While 94 percent of girls in Mozambique enroll in primary school, more than half drop out by the fifth grade, only 11 percent continue on to study at the secondary level, and just 1 percent continue on to college. Among children who finish primary school, nearly two-thirds leave the system without basic reading, writing, and math skills. USAID’s strategy calls for close collaboration with schools, teachers, administrators, parents, and communities to improve early grade reading outcomes. That includes: training teachers and school directors, improving learning materials, encouraging the use of reading diagnostic tools, and promoting greater parent and community engagement in education.
The Government’s capacity to enhance school access has not kept up with its ability to improve quality. The rapid expansion has placed intense pressure on school management, teaching personnel, and the overall quantity and quality of effective classroom instruction, resulting in a large number of overcrowded multi-shift schools, growing student/teacher ratios, and plummeting reading and math test scores.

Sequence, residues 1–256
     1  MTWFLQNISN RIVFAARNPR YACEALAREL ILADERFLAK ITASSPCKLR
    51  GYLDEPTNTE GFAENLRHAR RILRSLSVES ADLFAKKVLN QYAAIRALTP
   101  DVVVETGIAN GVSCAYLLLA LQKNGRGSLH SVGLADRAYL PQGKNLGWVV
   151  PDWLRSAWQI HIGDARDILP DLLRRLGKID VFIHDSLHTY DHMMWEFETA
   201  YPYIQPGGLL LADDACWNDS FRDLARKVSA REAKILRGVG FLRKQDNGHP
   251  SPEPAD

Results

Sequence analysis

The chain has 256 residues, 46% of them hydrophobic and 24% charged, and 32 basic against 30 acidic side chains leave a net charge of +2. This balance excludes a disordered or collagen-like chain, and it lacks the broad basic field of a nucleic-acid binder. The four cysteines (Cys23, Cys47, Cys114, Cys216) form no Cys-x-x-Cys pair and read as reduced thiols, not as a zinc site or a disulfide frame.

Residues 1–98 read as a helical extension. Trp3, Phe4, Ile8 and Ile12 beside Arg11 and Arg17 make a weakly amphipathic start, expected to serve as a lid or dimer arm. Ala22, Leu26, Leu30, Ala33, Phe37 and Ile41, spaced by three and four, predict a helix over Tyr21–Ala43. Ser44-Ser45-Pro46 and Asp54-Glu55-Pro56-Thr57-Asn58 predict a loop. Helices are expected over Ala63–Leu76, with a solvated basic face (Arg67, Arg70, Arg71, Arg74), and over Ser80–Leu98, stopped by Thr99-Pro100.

A USAID-funded study on school effectiveness found that due to teacher absenteeism, limited instructional time, and other factors negatively affecting educational quality, Mozambican schools were limited to, on average, 30 days of actual instructional time per 193-day school year in 2010. Furthermore, the study found that 59 percent of third-grade students in the 49 schools studied could not read a single word per minute nor recognize letters, and those students who could read only read, on average, five words per minute. The Ministry of Education reports that less than half of the population finishes primary school, and of those who do finish, only 8 percent transition to secondary school. Mozambique’s overall literacy rate is 47 percent; female literacy (28 percent) lags far behind that of males (60 percent).